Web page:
As you can see, my major problem isn't having enough storage. It's getting the data to where it belongs.

Between the primary site and the backup site, we have a dedicated circuit. The sites are only 40 miles apart, so its comparitively cheap. Unfortunately, it's a T1. The delta on the operations data is typically between 10 and 20 GB a day. Add to that the DB archive logs. Depending on how much of the database changes, I've seen as little as 5GB, and as much of 115GB a day. All over a T1.

On a typical day, we don't have issues transferring everything. It takes a long time, but it gets done. On the bigger days, though, everything takes longer than an entire day to complete, and when that happens, all hell breaks loose.

You think a T1 is slow? You should see a T1 with four concurrent rsyncs happening on it. And they just keep on stacking up, because each concurrent transfer slows the previous ones down that much more.

What's the solution? Well, to be honest, there isn't a great one. Assuming that you are using custom written scripts (we are), you can create a "lock file" for a transfer, so if the cron calls that script again, it refuses to run if it sees the file. This, of course, can lead to the backup being 2 days behind, which means that your next sync has double the data to send and takes twice as long as a "normal" sync.

What we do is send many (hopefully) small syncs a day, for each piece of data. We also time our cronjobs so as not to interfere with each other. The operations and DB syncs are each separated by several hours. Even being small, it takes a while to rsync that much data. Hell, it takes a long time for rsync to build the file list for over a million files in each spot.

The problems I've been describing are a major reason that, in our recent shopping for a new co-location in NJ, I've only been looking for companies that have multiple data centers in the North-East area.

When our contract expires with our current location, I fully intend to put our backup site in one of the other facilities owned by our then-primary site, with a different network provider, of course. The reason for this is that most colo companies have massive (to me, anyway) pipes between their sites. Massive to the point that they can sell me a 100MB pipe between my sites for $1000/mo. Compared to my current 1.5MB pipe for $600/mo, that's a hell of a deal.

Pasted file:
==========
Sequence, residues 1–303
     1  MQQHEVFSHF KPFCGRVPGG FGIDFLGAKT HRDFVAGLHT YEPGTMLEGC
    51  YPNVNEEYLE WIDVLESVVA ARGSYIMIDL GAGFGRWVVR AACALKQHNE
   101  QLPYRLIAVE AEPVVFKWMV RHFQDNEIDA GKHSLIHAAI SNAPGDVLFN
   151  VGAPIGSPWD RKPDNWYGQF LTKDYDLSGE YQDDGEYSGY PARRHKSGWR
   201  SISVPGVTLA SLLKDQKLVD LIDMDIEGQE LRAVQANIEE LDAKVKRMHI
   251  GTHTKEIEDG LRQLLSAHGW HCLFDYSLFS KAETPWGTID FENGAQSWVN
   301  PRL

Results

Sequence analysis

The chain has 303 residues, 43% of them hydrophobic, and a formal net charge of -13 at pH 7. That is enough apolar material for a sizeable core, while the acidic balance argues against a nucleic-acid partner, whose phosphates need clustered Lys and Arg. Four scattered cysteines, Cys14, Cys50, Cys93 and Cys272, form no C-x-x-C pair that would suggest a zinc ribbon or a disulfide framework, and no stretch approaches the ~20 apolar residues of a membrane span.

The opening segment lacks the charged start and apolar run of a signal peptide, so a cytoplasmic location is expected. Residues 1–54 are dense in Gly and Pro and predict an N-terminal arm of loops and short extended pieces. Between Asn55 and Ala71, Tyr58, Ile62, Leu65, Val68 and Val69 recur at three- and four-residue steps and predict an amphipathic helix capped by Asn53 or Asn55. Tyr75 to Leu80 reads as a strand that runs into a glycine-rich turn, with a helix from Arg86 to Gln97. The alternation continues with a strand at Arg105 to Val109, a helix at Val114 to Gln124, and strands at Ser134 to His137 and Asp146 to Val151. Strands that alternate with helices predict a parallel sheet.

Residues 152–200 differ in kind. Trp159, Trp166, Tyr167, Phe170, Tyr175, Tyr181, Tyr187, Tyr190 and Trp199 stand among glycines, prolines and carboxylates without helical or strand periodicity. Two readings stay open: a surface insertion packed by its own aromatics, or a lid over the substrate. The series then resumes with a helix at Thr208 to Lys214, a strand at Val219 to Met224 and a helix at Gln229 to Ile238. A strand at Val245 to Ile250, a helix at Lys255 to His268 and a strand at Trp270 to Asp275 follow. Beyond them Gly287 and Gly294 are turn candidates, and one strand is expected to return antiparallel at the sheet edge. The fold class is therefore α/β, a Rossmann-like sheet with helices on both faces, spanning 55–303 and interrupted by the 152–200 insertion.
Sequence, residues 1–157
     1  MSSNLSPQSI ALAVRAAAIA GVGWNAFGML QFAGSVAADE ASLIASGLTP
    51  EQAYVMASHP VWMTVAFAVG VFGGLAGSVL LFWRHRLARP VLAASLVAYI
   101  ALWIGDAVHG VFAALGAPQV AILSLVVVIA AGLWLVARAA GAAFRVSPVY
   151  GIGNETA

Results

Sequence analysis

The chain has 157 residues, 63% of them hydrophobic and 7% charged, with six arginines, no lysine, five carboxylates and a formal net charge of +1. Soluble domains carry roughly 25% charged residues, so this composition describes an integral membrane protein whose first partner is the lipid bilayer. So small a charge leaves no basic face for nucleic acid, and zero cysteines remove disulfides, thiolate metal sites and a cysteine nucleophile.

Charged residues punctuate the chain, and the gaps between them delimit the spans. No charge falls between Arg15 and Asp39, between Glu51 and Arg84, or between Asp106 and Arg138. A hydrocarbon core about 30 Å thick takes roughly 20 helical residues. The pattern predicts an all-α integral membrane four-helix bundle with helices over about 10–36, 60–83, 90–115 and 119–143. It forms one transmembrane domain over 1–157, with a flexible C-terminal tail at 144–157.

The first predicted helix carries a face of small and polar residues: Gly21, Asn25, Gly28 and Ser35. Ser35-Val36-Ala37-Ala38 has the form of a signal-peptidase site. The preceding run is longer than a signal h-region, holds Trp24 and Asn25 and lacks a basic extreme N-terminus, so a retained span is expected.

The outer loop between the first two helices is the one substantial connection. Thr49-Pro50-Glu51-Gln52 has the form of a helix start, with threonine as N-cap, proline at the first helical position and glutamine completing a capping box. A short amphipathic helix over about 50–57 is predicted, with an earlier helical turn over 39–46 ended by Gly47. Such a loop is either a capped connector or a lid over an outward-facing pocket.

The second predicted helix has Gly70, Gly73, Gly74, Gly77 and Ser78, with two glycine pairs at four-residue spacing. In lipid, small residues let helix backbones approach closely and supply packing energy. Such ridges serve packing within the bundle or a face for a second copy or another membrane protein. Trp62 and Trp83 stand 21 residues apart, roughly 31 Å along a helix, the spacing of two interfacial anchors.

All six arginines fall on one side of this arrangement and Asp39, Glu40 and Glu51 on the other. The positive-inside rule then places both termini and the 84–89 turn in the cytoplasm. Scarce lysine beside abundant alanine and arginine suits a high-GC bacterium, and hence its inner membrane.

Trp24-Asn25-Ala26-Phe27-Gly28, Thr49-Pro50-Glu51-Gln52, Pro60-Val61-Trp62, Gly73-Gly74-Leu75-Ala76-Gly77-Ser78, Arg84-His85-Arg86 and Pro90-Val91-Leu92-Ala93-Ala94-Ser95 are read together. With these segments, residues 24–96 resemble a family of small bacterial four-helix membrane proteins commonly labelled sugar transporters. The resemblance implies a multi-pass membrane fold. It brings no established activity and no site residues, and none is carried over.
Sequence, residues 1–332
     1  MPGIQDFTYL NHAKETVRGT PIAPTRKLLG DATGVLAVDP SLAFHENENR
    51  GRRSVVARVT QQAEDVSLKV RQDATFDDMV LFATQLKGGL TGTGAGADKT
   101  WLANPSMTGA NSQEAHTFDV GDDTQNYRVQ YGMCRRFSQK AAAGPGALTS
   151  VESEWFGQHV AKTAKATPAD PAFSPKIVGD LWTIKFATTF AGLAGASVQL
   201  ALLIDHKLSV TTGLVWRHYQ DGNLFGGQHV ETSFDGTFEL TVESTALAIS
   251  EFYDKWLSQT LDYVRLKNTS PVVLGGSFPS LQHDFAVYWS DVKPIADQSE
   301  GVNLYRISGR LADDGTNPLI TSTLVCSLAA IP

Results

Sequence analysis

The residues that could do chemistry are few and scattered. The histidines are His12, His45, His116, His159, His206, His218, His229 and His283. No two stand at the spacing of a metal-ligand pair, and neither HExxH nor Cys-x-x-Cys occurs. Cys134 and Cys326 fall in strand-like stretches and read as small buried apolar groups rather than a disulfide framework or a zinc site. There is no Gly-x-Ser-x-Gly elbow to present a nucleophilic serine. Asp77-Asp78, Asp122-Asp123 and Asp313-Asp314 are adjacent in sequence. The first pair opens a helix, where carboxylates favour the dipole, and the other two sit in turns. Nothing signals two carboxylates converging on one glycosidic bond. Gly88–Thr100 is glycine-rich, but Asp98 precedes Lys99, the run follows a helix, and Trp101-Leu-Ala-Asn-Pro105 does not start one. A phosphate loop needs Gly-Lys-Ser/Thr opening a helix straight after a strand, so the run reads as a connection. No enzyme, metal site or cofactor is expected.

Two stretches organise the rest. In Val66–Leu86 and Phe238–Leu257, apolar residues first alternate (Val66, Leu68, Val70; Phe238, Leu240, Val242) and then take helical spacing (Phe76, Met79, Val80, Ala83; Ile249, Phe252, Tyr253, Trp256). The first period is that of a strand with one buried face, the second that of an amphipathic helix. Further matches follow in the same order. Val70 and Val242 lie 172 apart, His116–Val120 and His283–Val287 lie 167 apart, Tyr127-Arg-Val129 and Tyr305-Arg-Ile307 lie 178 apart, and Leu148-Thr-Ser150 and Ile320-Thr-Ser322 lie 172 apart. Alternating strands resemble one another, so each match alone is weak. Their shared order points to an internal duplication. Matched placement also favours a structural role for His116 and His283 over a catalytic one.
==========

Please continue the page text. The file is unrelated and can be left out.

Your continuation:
At that point, I won't have do perform stupid scheduling tricks to make sure my data transfers happen when they should.

Building the rsync index will still take 5 minutes, though.

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Friday, May 16, 2008

Sharing your keyboard and mouse

Because I have to administer a few Apple XServers, I need to keep a Mac around. Their server administration tools are (to my knowledge) closed source, and the command line tools are atrocious. We also have an XRAID, which I don't believe HAS any command line tools which with to administer it. So I need a Mac.

To this end, I have a 17" antique Powerbook that I keep around. It's big and clunky, and with only a gig of memory running Tiger, it's none too fast. I keep it around because I have to use the Admin Tools, and that's about it. It takes up a lot of room on my desk, and having to turn constantly gets irritating, so a while back, I found a Better Way(tm).

Enter Synergy. It's a client/server program that allows one computer's keyboard and mouse to act as others' inputs. Sort of like a software based KVM, without the V.

On my desktop, I type synergys, which starts the Synergy server. On the client machine, I type "synergyc newcastle". You must specify the server, since synergy can connect to multiple machines at once, which would be fantastic for a NOC team with shared computers.

The configuration is pretty simple. In Windows, there's a GUI, but in Unix, it's a simple config file.

Here's the content of mine:

bandman@newcastle[501]:~$ cat /etc/synergy.conf

section: screens
section: links
left = guiness.local
right = harp
right = newcastle
left = harp
right = guiness.local
left = newcastle

section: aliases

It's pretty straight-forward. In my example above, I have three machines. Newcastle is my linux machine, and the keyboard / mouse host. To the (physical) right of it is guinness, the mac. To the left of newcastle is (sometimes) another laptop called harp.

When I move my mouse off the right side of guinness, I want it to wrap to the left side of harp (or newcastle, if harp is gone), I specify that harp is to the right of guinness. Vice versa on the left.

Anyway, if you find yourself with too many computers and not enough inputs, give Synergy a shot. It's a great piece of software that I've given a couple of my users, and they love it.

Thursday, May 15, 2008


I think I have just about got the hang of virtualization. Not completely, mind you, but enough to be useful (or dangerous).

I'm implementing VMWare Server for a few things in my environment. I don't have the need (or the budget) for ESX Server, but I can definitely see why and where it would be useful. Combine virtual servers with the power of clustering and you have nearly the perfect solution to 100÷ up time. That is, of course, assuming your physical site doesn't go down. You do have a backup location, right?

What I haven't gotten a handle on yet, mostly due to lack of time, is storage virtualization. I don't really get how storage could be much more "virtualized" than the LUNs I use on my SAN. I'll read about them first chance I get, or one of you could enlighten me, then I'll post on it. Either way.